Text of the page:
Conditioning vs. Cardio

Chris Shugart put up an entertaining article last week on T-Nation about conditioning vs. cardio. This got me thinking of some of my favorite conditioning exercises and how I implement them into my athletes’ training. Rather than calling it predator conditioning (though I could be persuaded with a kickass name like that), I generally stick to metabolic conditioning, METCON, or blitz workouts.

1. Ropes – Two hand slams, alternating slams, jumping jacks, mini waves, side to side, internal/external rotation, and wax on/wax off circles are some of my favorites to use with an anchored rope. Other drills I like are rope rows (with a sled or heavy kettlebell), fireman’s carry, rope chin ups, and tug of war, but these typically require a lot of space.

2. Sleds – Great for pushes, forward drags, and sprints. Sleds become an even greater conditioning tool when combined with a TRX – walking TRX rows, chest presses, rotations, and walking anti-rotation holds.

3. Sledgehammers – Overhead and rotational slams are great for developing upper body power while taxing the entire body.

4. Sandbags – A 50 pound sandbag always seems heavier than a 95 pound barbell. Front squats, offset (on one shoulder) squats, Zercher squats, lunges, or even just carrying the bags without handles are excellent ways to incorporate sandbags into conditioning.

5. Slideboards – Great for lateral shuffles, they can also be used for push up variations, ab rollouts, body saws, reverse lunges, and mountain climbers.

These are just some types of equipment I use with athletes, depending on their ability level, sport demands, and time of season. If you’re looking to build a strong conditioning plan, start with the basics (push, pull, squat, carry), try a variety of tools (any of the above, plus dumbbells, barbells, TRX, landmine, etc.), and make a circuit out of it. A simple solution is to pick a couple of exercises and go :20 on, :10 off for a few rounds. Other work:rest ratios I like to use are :15/:5/:15 with :30 between exercises (so two rounds of one, then switch) and :30/:10/:30/:60. One other way is to pair up and go for a specific number of reps, but when in doubt, I stick with the Tabata protocol.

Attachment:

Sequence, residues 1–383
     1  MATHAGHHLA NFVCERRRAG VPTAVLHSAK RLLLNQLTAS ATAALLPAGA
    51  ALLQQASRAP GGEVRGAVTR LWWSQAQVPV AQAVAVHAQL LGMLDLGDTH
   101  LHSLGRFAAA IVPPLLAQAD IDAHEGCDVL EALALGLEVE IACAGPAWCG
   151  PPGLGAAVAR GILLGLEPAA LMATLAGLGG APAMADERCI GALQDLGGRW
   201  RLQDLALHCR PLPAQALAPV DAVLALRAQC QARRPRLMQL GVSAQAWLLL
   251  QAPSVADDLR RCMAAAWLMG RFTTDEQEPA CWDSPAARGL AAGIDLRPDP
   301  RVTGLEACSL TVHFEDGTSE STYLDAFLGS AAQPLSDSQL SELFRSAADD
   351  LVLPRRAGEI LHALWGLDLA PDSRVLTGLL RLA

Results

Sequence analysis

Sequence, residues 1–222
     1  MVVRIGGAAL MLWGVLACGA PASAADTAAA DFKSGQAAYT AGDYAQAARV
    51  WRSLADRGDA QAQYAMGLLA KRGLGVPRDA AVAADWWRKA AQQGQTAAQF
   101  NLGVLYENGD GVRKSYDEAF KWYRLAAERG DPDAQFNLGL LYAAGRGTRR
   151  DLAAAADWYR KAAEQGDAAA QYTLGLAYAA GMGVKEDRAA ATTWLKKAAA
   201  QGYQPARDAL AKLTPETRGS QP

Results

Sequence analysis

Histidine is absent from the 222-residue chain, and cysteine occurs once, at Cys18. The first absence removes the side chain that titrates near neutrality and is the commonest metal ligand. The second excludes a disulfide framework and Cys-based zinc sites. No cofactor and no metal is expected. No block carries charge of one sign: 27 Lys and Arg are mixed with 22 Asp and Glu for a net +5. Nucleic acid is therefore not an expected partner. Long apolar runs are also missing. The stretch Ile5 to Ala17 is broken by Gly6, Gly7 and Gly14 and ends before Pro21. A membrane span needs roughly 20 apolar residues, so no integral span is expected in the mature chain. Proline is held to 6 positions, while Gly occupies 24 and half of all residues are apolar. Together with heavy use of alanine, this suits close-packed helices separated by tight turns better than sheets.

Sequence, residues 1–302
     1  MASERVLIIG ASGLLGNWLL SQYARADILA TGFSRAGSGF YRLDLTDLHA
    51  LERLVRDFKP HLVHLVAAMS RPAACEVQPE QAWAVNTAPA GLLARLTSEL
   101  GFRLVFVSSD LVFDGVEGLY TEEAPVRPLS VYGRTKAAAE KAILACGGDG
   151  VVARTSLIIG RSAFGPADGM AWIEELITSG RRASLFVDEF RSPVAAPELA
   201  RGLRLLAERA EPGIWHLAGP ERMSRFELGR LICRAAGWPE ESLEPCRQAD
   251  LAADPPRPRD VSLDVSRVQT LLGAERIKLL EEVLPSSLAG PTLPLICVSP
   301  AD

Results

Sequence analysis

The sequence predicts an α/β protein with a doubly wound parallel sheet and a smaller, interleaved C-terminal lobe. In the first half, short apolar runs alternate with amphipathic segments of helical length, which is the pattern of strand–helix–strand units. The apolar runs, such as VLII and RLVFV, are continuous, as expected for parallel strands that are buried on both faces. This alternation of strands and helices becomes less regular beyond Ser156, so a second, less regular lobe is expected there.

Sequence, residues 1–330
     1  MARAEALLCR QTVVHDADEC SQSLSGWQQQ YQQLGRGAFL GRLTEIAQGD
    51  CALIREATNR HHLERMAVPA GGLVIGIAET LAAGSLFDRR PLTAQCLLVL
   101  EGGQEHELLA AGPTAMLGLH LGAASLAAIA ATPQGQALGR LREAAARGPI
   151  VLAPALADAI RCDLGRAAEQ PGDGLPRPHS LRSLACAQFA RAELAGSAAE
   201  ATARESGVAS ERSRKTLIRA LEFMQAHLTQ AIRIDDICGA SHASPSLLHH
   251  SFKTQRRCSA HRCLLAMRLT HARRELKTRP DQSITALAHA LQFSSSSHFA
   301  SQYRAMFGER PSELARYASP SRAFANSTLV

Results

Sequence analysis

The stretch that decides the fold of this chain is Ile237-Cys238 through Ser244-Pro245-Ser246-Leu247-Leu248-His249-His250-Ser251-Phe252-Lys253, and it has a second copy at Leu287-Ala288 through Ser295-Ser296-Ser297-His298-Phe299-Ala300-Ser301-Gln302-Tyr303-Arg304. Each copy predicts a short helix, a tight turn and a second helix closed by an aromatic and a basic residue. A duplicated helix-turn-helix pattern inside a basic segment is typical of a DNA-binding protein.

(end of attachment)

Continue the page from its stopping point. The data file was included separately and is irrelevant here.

Personal Favorite METCONs (with rounds before switching exercises and reps/rest or time on/time off/time on/transition):

Upper Body Blast (:20/:10/:20/:10)

  • Overhead Rope Slams
  • TRX Rows (or TRX Sled Pulls)
  • Slideboard Push Ups
  • Rotational Med Ball Wall Slams

Legs & Lungs (1 set of marked reps/distance, then next exercise, resting after each round. Can also be done with partner, 2 sets, switch exercises, then 2 minute rest after each round)

  • Heavy Sled/Prowler Pushes – 25 yards
  • Zercher Sandbag Walks – 20 yards & back
  • Stadium Farmer Walks – 3-5 flights (partner goes at same time, no second set)
  • Sprint – 50 yards, walk back
  • Total Body Shredding (best with partner – as many sets as possible in 5 minutes per exercise, 1:30 to switch)
  • Over the Shoulder Sledgehammer Slams – 5 each side
  • Zercher Hold Walking Lunges – 20 yards & back
  • TRX Sled Rows – 25 yards
  • Rope Jumping Jacks – 20

There are an infinite number of possibilities to play around with, which should help eliminate the boredom typically associated with conditioning. It’s important to remember to recover – if you’re training heavy & hard every day, and trying to add in these METCONs, it can result in overtraining or worse. Be smart in your training and allow your body to recover between training sessions.

All the best,

Drew Henley, CSCS, USAW, FMS-1
480-241-4112
Drew@HenleySP.com
Twitter.com/DrewBHenley

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